By Rob Roper
The Vermont Legislature returns in January with a long list of daunting challenges, all with potentially astronomical price tags for Vermonters, who are already some of the most highly taxed people in the United States.
Among this list includes a projected 6% increase in property taxes to fund an education system already topping $2 billion to serve a declining population of less than 80,000 students. The system is so dysfunctional that former House Education Committee Chair Dave Sharpe, D-Bristol, recently claimed legislators were “hoodwinked” by special interests into supporting Act 46, the 2015 school district consolidation law that was supposed to lower costs by increasing efficiency. That has not worked out.
The Green Mountain Care Board recently authorized rate hikes of 12.4% (Blue Cross Blue Shield) and 10.1% (MVP) for people with Vermont Health Connect insurance plans, and approved a 59% increase to $1.42 billion for OneCare Vermont, the state’s latest health care cost-containment boondoggle. One suspects considerable hoodwinking here as well.
Also of concern is the state’s $4.5 billion in unfunded pension liabilities for teachers and state workers. To put this cost in some perspective, every Vermonter — man, woman and child — is currently on the hook for over $7,000 (a number that is growing quickly) to pay for these benefits, and feeding this beast will consume 14% of the state’s general fund in 2020. (In 2018 that general fund expenditure was nearly $200 million, and this is an annual obligation over the next 20 years.) If this is not addressed, public employees risk losing some or, in an unlikely but not impossible scenario, all of their benefits.
Act 64, the water quality law passed in 2015, is about to hit businesses, municipalities, public schools and even some individual residences full force with stormwater regulations and fines with associated costs and taxes that will run into the hundreds of millions of dollars over the next few years, and billions over the next decade. This has the very real potential of bankrupting many Vermont businesses.
These are costs already on the books. Here’s what we have to look forward to.
Leaders of the majority party seem poised to pass a minimum wage increase, which by last estimate, on top of the increased costs to employers and consumers, will require an estimated $86 million for Medicaid over five years either in tax increases or program cuts.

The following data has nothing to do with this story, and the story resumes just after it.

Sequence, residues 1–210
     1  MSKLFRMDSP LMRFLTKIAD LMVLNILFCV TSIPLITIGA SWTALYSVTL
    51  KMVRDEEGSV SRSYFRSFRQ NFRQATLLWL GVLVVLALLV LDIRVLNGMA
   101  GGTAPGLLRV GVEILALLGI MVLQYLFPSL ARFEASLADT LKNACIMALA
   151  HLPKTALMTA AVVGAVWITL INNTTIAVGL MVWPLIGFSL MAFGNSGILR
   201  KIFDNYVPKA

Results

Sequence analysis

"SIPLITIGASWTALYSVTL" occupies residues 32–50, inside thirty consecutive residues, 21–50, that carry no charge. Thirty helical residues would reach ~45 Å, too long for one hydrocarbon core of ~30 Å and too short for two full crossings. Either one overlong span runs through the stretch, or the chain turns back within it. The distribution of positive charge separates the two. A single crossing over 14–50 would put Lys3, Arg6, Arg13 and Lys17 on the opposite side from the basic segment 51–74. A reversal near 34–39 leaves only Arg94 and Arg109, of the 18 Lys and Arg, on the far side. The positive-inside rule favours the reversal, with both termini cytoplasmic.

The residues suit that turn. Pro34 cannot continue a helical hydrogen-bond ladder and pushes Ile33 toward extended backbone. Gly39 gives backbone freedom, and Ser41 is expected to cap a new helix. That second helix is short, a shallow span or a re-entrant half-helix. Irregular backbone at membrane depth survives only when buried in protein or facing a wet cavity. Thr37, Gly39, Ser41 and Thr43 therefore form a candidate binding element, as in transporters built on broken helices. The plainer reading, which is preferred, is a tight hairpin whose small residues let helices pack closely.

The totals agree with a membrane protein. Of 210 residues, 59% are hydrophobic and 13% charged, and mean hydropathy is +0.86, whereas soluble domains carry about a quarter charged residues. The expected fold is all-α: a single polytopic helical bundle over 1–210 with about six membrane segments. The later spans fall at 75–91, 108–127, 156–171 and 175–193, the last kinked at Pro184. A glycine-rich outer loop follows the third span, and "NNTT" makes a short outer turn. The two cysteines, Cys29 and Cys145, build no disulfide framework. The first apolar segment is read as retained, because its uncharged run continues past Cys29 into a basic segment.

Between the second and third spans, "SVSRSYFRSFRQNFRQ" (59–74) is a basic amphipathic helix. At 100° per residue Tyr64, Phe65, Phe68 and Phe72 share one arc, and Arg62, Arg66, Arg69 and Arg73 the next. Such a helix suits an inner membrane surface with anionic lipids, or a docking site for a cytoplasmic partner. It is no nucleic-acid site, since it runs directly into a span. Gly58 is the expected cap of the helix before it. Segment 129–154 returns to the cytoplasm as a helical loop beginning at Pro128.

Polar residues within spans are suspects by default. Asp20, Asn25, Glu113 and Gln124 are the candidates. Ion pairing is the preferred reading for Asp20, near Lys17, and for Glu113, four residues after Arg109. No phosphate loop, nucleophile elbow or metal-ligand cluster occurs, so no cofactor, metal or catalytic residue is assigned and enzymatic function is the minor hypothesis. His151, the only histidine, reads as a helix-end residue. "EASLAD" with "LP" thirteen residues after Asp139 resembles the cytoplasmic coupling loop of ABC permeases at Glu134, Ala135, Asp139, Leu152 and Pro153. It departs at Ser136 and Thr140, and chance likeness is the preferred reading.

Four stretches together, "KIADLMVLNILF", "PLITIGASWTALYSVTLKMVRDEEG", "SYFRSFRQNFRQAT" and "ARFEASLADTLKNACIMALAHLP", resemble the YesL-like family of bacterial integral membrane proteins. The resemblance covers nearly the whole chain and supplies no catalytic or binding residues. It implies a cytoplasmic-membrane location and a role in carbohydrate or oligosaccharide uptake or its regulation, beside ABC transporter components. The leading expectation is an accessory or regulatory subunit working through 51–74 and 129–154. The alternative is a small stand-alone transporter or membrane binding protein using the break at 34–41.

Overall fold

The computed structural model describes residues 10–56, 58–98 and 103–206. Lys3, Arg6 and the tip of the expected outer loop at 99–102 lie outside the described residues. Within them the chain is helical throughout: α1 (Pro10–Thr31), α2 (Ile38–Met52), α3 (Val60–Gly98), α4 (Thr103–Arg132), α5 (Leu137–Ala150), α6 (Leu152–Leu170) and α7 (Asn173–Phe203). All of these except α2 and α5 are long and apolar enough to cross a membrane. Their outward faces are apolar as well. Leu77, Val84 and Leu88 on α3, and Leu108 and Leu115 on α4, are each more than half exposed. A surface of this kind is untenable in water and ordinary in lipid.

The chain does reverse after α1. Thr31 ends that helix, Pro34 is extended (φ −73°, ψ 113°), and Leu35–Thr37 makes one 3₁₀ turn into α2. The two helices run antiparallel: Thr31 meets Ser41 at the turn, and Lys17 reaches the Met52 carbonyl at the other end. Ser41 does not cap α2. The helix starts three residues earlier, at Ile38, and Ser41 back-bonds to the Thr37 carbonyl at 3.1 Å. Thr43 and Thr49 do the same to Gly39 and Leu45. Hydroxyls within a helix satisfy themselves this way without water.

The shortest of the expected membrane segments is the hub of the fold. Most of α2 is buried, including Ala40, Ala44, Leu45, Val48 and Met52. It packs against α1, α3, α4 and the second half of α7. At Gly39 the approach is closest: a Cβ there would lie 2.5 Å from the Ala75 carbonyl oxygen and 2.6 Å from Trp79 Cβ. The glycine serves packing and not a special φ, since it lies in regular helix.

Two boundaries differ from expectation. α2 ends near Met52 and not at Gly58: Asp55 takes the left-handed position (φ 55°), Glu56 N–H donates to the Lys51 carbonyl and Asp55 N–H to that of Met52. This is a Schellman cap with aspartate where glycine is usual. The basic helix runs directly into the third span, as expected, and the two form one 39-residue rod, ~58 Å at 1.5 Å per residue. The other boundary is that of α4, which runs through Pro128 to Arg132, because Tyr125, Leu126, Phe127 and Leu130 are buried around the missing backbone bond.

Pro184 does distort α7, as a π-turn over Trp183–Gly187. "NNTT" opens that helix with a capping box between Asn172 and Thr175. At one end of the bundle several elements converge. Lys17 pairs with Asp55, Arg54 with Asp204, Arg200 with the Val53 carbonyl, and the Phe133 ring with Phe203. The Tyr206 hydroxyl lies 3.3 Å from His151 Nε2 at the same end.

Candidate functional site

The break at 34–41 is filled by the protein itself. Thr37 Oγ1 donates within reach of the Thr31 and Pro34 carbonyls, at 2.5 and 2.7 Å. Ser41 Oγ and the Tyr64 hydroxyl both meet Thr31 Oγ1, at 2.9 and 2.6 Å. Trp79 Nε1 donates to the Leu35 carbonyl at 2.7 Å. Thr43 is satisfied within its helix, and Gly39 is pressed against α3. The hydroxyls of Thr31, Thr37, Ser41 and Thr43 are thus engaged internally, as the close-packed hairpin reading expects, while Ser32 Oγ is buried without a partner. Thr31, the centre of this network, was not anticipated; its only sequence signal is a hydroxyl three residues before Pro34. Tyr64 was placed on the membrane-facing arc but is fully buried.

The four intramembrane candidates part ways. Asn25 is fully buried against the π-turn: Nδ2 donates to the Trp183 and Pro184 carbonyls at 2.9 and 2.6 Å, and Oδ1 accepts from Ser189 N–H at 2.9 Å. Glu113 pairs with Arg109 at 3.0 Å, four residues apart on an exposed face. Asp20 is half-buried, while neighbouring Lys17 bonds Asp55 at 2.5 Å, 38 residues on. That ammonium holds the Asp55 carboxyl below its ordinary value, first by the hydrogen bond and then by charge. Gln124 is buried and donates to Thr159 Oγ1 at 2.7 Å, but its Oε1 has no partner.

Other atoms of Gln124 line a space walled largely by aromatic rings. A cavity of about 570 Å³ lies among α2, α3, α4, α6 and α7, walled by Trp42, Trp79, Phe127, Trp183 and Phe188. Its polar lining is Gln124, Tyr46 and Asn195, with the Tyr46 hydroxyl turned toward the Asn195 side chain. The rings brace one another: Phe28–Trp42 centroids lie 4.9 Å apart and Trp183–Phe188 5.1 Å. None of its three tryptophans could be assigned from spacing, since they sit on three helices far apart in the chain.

And, they seem resolved to pass a mandatory paid family leave program which will come with a new payroll tax taking an estimated $76 million per year out of working Vermonters’ pockets, just to start.
If this weren’t enough, in what one legislator described as what will be “our banner legislation” for 2020, many lawmakers want to entangle Vermonters in the latest carbon tax scheme called the Transportation Climate Initiative, or TCI. This multi-state collaborative would amount to a proposed 5, 9 or 17 cent-per-gallon tax on gasoline and diesel fuel, at a total cost to Vermonters of an estimated $20 million to $90 million, a number that will grow annually ad infinitum.
These are just some of the big ticket items, not mentioning the cost to maintain our neglected roads and bridges. Who knows what nickel-and-dime tax and fee increases they have in store, like plastic bag taxes, new and increased professional licensing fees, etc.
In all seriousness, how do our representatives expect us to pay for all of this? There are only about 320,000 taxpayers in Vermont. This ever-growing burden on so few shoulders is crushing. It has to stop. It would be one thing if we were getting our money’s worth out of all this, but the existing programs outlined above, apart from being wastefully expensive, are all examples of gross mismanagement. Can we realistically expect any better from the proposed programs?
A recent news story out of Rockingham, Vermont, described a community discussion billed as “Attracting and Retaining Young People,” in which one person described as an “older resident in work jeans and boots” summed things up very well. “Our taxes are absolutely nuts,” he said, “[but] there’s so much potential.”
There is so much potential in Vermont. This is a wonderful place. But these taxes and regulations are smothering the people who try to live here. As long as our taxes remain “absolutely nuts,” and the money is poured into programs that do not work as intended or promised, that potential, sadly, cannot and will not be realized.
Rob Roper is president of the Ethan Allen Institute. He lives in Stowe.